27 January, 1997
After the relative peacefulness of the dry valley, it is interesting to be back at McMurdo Station. I have had an opportunity to speak with several people who will spend the winter at the South Pole. They are here at McMurdo on a mandatory vacation from the South Pole before being cut off from the rest of the world for eight months. One person is wintering over for the second time. He is a construction worker with a high school education and a desire for adventure. He tells tales of beautiful moonlight nights with millions and millions of stars and the Aurora so brilliant and close that you can almost tough it. He says that it is not really all that dark. It does get cold, like -90 degrees celcius. He is from Minesota and knows how to deal with cold.He also offered to aanswer e-mail questions from students I will send his addres in the next few days.
I did take a hiking break today. Dr. Nick Landcaster, the geomorphologist and I hiked the Castle Rock Loop Trail. Remember, one can never hike alone here and when you do go out, you must file a footpath plan so someone knows where you are going and when you expect to return. The hike is eight miles most of which is on the ice cap covering the area around Mt.Erebus. Every two miles there is a hut with an emergency phone, food supplies and rope. The entire trail is marked with flags every 100feet to help people find the trail if there happens to be a white out while one is hiking. Weather can change quickly here. We were lucky in that the bank of fog hanging over Mt Erebus did not move toward us and ruin our hike.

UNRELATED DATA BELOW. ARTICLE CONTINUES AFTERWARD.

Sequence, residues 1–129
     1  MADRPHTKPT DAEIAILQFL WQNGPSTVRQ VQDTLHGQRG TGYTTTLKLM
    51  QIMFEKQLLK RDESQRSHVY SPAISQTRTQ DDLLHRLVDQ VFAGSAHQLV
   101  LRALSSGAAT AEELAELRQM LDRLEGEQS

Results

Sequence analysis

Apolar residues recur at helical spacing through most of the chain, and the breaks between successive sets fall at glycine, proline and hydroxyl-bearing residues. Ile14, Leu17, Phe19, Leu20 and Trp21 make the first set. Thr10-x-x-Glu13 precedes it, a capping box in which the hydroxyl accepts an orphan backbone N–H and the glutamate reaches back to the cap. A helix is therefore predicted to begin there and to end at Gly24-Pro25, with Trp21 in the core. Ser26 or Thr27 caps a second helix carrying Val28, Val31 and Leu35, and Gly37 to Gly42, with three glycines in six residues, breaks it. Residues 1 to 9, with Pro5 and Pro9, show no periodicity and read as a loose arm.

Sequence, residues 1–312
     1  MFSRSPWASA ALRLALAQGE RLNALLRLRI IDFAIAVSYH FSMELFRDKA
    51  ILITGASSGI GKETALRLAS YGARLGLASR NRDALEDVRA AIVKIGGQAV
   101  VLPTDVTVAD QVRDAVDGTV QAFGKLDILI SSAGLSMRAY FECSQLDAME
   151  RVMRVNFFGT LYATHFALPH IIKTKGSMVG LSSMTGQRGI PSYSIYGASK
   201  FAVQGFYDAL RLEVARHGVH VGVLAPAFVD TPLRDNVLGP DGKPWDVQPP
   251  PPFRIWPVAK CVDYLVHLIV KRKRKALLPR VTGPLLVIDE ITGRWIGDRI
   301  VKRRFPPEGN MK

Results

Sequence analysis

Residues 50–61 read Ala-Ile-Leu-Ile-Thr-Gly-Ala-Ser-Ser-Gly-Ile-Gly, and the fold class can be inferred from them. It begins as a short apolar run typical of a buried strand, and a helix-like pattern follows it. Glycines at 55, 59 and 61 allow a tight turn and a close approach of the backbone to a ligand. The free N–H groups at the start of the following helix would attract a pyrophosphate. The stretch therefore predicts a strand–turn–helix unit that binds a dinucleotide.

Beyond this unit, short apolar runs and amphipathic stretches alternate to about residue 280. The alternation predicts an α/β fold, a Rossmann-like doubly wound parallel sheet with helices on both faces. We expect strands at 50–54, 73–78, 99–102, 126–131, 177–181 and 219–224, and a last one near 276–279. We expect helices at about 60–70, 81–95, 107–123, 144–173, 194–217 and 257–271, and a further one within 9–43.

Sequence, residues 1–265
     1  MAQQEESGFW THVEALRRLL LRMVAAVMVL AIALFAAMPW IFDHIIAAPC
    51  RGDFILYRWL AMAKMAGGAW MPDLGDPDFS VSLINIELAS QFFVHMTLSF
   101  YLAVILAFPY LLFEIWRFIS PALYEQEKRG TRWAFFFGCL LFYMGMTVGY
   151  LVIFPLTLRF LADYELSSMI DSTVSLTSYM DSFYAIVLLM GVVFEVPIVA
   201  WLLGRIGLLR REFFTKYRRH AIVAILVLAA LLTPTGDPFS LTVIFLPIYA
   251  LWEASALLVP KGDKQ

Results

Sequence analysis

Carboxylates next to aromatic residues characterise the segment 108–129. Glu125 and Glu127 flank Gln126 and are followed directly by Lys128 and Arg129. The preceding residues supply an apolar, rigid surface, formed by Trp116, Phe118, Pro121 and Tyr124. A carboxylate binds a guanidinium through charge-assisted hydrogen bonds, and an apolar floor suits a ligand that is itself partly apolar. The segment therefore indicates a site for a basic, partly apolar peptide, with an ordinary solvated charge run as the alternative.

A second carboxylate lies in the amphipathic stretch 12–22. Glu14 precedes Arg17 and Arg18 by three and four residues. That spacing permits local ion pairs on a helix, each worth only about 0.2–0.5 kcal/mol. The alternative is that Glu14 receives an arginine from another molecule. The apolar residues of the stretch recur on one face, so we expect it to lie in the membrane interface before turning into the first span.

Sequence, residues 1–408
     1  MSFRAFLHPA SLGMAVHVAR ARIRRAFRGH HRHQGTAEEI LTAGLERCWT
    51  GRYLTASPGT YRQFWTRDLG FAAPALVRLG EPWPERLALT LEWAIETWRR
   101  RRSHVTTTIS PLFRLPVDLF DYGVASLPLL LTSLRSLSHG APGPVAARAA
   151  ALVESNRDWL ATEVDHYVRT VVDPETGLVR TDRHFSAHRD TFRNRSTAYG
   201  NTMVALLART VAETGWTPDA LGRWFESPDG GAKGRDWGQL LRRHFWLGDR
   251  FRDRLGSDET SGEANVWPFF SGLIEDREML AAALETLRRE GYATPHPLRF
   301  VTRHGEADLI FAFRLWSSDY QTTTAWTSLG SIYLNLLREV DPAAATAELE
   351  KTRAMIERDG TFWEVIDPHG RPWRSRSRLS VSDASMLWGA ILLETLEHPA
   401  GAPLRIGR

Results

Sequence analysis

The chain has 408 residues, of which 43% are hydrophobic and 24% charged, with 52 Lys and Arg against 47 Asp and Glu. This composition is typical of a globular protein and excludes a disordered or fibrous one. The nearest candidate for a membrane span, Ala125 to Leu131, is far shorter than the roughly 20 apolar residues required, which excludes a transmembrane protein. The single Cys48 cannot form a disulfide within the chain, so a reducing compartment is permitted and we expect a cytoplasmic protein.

Meanwhile, back in the lab, the mat that I brought back with me has settled nicely and is once again covered with rotifers. However, the conditions no longer resemble those of the dry valley lakes. I decided to repeat the trial done when I placed a piece of mat directly onto a slide, then micropipetting the FLOs directly onto the mat and directly observing the action. I have the microscope room to myself for a few days. There are cameras and a video system attached to the scope so I can try to capture evidence in real time. This time the tardigrades eat the FLOs very quickly and the rotifers are not taking in any of the FLOs. I became fascinated with the speed with which they eat the FLOs as they poked along on the surface of the mat. In just a few minutes, their little bodies were aglow! My next project will be to try and get this equipment working and get some good pictures.
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